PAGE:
So in my research, I do argue that this is one tradition but I do also acknowledge the regional variations. And yet I do define it as the tradition of Segnature, with the singular, because I feel that unless there is an acknowledgement of the presence of this tradition there won’t be further studies to dive deeper into the regional variation, which are very much needed in the future to be conducted by either myself or other scholars. You may call it a process of reification. So, making these set of practices into a thing in order for it to enter the discourse and dialogue surrounding folk magic in Italy. Because there is indeed and there has been for quite a long time and has remained underground for two main reasons, I believe, which is that this practice is kind of opposed to both the dominant religious system and the dominant worldview which is a secular one.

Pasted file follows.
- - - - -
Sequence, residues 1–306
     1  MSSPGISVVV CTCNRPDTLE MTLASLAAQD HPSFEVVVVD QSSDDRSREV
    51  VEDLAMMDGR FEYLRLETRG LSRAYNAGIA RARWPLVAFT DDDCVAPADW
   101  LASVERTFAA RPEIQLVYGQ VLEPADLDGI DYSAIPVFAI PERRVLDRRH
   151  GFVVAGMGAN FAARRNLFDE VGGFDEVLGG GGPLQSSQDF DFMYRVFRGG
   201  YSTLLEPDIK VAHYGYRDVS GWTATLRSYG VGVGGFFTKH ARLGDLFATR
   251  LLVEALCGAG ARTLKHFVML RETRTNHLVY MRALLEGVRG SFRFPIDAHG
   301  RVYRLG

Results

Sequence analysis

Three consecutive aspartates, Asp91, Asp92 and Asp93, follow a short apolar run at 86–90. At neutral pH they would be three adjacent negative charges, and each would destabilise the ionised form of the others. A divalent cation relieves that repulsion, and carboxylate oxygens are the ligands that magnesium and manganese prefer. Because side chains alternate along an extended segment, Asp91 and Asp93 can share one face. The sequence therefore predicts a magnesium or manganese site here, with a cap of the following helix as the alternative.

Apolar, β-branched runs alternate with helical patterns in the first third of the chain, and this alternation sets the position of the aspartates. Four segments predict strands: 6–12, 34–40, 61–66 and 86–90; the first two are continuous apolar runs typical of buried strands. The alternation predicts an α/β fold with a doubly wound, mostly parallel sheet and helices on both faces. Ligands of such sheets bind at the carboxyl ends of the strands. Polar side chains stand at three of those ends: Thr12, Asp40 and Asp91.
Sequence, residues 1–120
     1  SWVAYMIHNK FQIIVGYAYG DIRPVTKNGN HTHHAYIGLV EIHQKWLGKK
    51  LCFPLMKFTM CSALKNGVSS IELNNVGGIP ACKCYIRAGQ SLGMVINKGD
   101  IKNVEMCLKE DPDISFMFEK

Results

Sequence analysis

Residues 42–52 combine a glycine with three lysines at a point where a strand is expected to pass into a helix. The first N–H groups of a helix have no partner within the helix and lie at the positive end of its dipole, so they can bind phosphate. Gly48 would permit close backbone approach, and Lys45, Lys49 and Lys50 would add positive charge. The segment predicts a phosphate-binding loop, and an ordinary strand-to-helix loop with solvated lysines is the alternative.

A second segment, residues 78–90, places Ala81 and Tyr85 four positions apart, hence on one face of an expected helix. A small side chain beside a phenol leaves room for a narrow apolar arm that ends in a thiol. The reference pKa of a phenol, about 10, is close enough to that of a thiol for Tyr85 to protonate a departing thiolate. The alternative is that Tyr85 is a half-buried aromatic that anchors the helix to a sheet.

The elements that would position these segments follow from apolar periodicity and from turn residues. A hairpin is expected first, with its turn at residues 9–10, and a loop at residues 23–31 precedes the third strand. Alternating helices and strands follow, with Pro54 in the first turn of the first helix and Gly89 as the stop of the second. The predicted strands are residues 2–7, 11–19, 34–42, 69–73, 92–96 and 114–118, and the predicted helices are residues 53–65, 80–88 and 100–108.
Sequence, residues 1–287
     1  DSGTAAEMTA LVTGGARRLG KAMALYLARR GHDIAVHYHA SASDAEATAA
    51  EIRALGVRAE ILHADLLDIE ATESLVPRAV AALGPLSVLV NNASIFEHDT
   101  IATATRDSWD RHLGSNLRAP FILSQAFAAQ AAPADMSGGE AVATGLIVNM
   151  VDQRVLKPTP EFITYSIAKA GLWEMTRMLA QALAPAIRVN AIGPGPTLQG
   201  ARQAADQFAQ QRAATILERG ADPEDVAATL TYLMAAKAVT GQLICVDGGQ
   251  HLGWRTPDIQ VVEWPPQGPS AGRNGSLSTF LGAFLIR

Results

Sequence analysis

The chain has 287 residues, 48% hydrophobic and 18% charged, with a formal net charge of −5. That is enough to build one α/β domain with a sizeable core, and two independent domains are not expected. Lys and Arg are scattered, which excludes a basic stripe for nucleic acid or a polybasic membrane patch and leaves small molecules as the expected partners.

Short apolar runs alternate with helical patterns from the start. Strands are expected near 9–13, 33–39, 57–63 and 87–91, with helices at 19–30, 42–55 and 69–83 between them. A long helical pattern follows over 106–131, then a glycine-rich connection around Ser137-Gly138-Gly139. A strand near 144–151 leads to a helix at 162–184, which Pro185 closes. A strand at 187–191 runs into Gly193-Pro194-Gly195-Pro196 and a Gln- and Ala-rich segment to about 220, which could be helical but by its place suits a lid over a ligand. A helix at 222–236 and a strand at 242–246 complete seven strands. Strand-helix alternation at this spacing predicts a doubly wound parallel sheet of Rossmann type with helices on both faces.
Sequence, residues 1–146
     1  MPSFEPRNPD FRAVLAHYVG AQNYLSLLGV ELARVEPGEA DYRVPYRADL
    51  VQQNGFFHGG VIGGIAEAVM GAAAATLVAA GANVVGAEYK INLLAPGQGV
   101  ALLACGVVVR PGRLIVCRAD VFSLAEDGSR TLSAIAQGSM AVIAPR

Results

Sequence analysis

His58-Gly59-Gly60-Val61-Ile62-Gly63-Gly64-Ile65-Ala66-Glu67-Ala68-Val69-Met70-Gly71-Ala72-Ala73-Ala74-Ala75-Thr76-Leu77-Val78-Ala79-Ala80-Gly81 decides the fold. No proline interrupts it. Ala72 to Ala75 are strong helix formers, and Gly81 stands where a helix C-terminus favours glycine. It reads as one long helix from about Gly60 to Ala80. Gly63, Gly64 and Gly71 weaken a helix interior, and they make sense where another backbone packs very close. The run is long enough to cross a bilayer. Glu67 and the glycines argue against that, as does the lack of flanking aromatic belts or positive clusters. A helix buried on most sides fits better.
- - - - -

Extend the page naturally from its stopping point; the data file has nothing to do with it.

Normally Italians do know someone who will heal a sprain or cast or remove the evil eye from their town or the next – but the attitude is still to keep them underground as they tend to be dismissed as superstitious practices. And what I hope to get from this process of reification, from making the set of practices into a thing, from showing that there is a consistency there, that there is a uniformity and that from all different regions people are practising the same things, is to give a voice back to those who haven’t had one because they had been, for too long been, dismissed as superstitious people engaging in superstitious rituals.